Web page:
For all of the outcry and celebration spurred by having a woman lead a Marvel film, Captain Marvel‘s most powerful feminist moments are rarely positioned as such. The classic origin story is framed as a struggle between Carol Danvers’ (Brie Larson) dual Kree and human identity, as the two sides must be well-balanced in order to coexist. Her Kree half gives her powers, but her human identity — which she is unaware of at the film’s start — manifests itself as a tendency towards emotion and impulsivity. These are two traits that her mentor Yon Rogg (Jude Law) tells her she must learn how to turn off, a winking reference to a criticism oft-heard by women everywhere. This narrative is made more compelling when we look at it from a feminist perspective.
The circumstances under which Carol becomes a Kree warrior are not ones she chooses. After destroying Dr. Wendy Lawson’s (Annette Benning) energy core, the ensuing explosion knocks Carol out and her body absorbs its radiation, effectively wiping all of her memories and giving her Kree energy. But the most critical moment of the scene is Yon Rogg’s decision to take her body back to Hala; instead of leaving her on Earth, he intends to use her as a member of his Starforce. Just like that, her body is stolen from her loved ones and herself, and she must spend the next few years trying to regain autonomy that she hadn’t even known she’d lost.
Captain Marvel seems to avoid a trap that many other superhero films fall into, by refusing to sexualize its hero’s body. In fact, there’s no indication that she’s a sexual being at all unless her relationship with fellow US Air Force pilot Maria Rambeau (Lashana Lynch) is read into heavily. While all of this is a welcome change, it also gives the filmmakers an opportunity to explore how women’s bodies can be manipulated outside of an overtly sexual context.
As it turns out, Carol’s body is no longer hers in more ways than one, because the symbols of her Kree identity are a dual representation of everything she’s lost since being taken away to Hala. The blue blood that runs through her veins is not her own, but a transfusion from Yon Rogg; the chip implanted behind her ear is revealed to suppress the full range of her powers; and the uniform she wears is a symbol of the ruthless army she was captured by and then worked for. She’ll never have red blood again, but when she rips away the chip and changes the uniform, she is able to take part of herself back from her captors.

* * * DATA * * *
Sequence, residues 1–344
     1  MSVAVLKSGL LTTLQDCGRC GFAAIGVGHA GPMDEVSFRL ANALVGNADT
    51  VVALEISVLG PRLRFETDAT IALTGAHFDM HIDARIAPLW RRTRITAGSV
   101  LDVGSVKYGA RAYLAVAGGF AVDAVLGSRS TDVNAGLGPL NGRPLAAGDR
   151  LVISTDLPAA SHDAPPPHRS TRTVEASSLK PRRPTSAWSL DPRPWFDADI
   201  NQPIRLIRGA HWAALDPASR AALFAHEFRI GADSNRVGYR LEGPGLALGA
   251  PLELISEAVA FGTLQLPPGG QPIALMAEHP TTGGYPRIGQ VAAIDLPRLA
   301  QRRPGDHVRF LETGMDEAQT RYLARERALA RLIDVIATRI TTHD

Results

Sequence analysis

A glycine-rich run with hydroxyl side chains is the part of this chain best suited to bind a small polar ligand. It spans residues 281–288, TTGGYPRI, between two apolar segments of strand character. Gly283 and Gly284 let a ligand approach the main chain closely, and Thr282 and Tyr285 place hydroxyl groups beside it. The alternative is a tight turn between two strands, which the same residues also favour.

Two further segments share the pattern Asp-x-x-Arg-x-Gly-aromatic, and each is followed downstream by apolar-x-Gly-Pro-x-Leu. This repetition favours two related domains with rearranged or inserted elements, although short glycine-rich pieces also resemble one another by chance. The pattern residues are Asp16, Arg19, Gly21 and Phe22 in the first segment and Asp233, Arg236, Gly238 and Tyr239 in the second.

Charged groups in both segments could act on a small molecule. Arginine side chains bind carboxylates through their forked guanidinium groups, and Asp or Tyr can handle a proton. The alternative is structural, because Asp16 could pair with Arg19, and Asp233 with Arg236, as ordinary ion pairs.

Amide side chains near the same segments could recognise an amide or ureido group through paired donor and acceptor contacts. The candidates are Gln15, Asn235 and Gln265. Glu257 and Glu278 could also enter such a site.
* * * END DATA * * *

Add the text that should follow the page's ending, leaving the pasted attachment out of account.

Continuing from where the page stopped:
These physical restraints are reinforced by Yon Rogg’s constant manipulation, which Carol is subjected to for many years. He grooms her into believing that her physical weaknesses are the consequence of excessive emotion: “Master yourself,” he tells her. “Don’t let your emotions override your judgments.” His taunts are often phrased as challenges: “Can you keep your emotions in check?” This kind of language is heavily coded by gender, though the film prefers to play Carol’s emotional side as part of being human. She’s referred to throughout the film as a “weapon” and a “tool,” indicating that no matter what, she is reduced to an object that lacks humanity.
As such, Carol is merely the means to an end: Yon Rogg is using her powers for his own advantage but discourages her from the kind of “impulsivity” that would put him and the Starforce in danger. He was right to be afraid because her empathy is what helps her connect with the Skrulls and draws her closer to the truths of her past. These emotions are a signal of Carol’s humanity, and they help her reconnect to her original identity; but for many, they’re also reminders of her femininity, and how stereotypically female characteristics are often played off as weaknesses.
It’s true that Captain Marvel has plenty of moments that serve to make specific points about the way that women are treated in a man’s world: Young Carol is teased for not being strong enough by her male peers. Back on Earth after her crash, she’s told to smile by a random motorcyclist. After she defeats the Starforce, Yon Rogg comically tries to make it seem like he let Carol win. But while these small one-liners may resonate as quotable bright spots, it’s the overarching message of Carol reclaiming her body and emotional strengths that gives the film’s climax an empowering punch.